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I have a Slack 8.1 box with VNC installed. There are two users. After booting the box, I login as each user and invoke a VNC server session with: Code: ...
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  1. #1
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    multiple users running VNC


    I have a Slack 8.1 box with VNC installed. There are two users. After booting the box, I login as each user and invoke a VNC server session with:
    Code:
    vncserver -geometry 1024x768 -depth 8
    So now I have two sessions running, 1 for each user.

    Now the problem is, when I complete either session both sessions become locked, therefor unusable. Even if I reboot, I have to manually remove the sessions by logging in as root and:
    Code:
    /tmp/.X11-unix/% rm X1
    /tmp/.X11-unix/% rm X2
    Or I can kill the PID of the sessions, then reboot.

    This doesn't seem like a big thing. I simply want two users to have individual sessions with their own settings. They should be able to both be on at the same time.

    Any idears?

  2. #2
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    How do you mean that they are "locked"? Don't the VNC servers respond at all?

  3. #3
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    they respond and let you log in, but all that comes up is a blank screen. The first time you log into either one, they work just fine.

    I rebooted remotely, and when I went to launch the first vncserver session, I was assigned screen :3 because the other two sessions were locked and needed to be manually removed, at least that was the message I got (that's how I figured out to go to /tmp/.X11-unix/ to find the lockfiles)

    I'm not sure if this makes a difference, but it is a rather low-memory machine. Well....low by todays standards... 96MB RAM+96MB swap. Now I'm wondering if it ran out of memory. hmmmm...

  4. #4
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    Well, I tried it out last night, and it worked. But there is still a problem... It is when X is run locally (or logged out from the local session) that it locks the vnc sessions.

  5. #5
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    I must admit that it seems like quite a mystery to me. Anyway it's not a memory problem. If you ran out of memory, you'd see a lot more problems. Also, just for your knowledge, the files in /tmp/X11-unix aren't lockfiles, they are the actual sockets that X clients connect to.

    When you say that a "blank" screen comes up, what kind of blank screen is that? Is it a black screen or the X server's standard pseudo-grey background?

    Are the X client programs (ie. the window manager, etc.) still running connected to the VNC servers? What happens if you try to run a new client on them (ie. by exporting DISPLAY=:1 or so).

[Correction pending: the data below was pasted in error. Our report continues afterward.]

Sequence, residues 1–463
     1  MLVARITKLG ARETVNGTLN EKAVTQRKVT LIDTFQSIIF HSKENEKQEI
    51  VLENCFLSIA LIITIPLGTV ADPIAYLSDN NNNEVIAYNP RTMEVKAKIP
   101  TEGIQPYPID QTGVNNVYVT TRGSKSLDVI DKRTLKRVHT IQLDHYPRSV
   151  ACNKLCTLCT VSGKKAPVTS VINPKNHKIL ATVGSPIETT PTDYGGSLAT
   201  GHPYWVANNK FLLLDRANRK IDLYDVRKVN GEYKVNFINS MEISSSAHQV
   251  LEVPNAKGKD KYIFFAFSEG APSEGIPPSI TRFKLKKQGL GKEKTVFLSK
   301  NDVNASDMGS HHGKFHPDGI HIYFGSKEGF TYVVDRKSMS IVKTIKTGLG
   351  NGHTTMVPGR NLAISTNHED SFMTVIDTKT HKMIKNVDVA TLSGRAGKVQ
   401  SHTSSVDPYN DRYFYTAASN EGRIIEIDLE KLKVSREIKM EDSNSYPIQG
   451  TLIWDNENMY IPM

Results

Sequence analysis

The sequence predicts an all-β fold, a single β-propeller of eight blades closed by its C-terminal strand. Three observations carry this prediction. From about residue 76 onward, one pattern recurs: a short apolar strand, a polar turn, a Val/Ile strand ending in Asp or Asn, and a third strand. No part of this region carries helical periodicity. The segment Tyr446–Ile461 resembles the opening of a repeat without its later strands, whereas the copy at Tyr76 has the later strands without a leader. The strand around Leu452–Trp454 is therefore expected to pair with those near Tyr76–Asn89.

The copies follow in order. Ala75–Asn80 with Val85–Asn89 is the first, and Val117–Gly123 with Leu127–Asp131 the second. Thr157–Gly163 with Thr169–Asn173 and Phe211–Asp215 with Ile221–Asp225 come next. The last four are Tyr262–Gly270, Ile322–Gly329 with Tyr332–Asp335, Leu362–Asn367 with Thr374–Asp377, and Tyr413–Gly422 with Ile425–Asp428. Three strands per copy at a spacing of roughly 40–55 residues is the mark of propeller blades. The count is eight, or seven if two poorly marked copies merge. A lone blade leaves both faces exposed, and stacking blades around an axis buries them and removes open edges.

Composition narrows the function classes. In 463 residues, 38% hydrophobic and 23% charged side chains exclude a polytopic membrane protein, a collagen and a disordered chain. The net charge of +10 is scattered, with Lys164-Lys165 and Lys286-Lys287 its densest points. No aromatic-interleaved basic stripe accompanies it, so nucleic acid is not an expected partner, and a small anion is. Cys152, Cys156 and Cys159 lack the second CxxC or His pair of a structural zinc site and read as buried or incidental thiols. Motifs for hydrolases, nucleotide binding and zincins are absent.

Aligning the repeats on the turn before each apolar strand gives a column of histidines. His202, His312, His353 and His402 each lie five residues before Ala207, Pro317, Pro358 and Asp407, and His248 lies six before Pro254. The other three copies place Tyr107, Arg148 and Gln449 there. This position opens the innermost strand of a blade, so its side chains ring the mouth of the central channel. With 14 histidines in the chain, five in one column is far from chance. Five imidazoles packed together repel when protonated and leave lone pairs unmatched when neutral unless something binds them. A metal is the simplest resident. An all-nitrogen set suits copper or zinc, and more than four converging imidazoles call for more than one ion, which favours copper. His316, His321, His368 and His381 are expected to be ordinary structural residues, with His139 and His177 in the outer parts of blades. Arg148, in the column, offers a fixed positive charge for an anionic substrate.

6. #6
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    sorry for the delay Dolda, and thanks for the help.

    The screen is a black screen, not the normal grey startup screen.

    Are the X client programs (ie. the window manager, etc.) still running connected to the VNC servers? What happens if you try to run a new client on them (ie. by exporting DISPLAY=:1 or so).
    Now this is the point where Satan himself starts screaming into my left ear, "LEARN YOUR SHELL DAMMIT, LEARN YOUR SHELL!!!!"

    Dolda, I'm not sure how to do what you just asked. Could you be more explicit?

  7. #7
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    I'm assuming that you're a VNC server as display :1, right?
    In that case, first run "export DISPLAY=:1" to set the display nubmer for the clients to connect to.
    Then, first try running xlsclients and see what it returns. If it returns successfully (ie. no error), but with an empty list, try running twm and connect again to that VNC server to see what happens.

  8. #8
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    This is what I get:

    Code:
    slacker@obiwan:~$ export DISPLAY=:1
    slacker@obiwan:~$ xlsclients
    slacker  licq
    slacker  kicker
    slacker  /usr/lib/mozilla/mozilla-bin
    slacker@obiwan:~$
    Does that help at all?

  9. #9
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    It's strange that the window manager seems to have died. Try starting your favorite window manager (or just twm) on that VNC server and see if anything happens. Otherwise, try starting a small ugly application like xcalc and see if it does anything.

  10. #10
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    Just so I'm clear, should I have the local session and both remote sessions running concurrently for the test?

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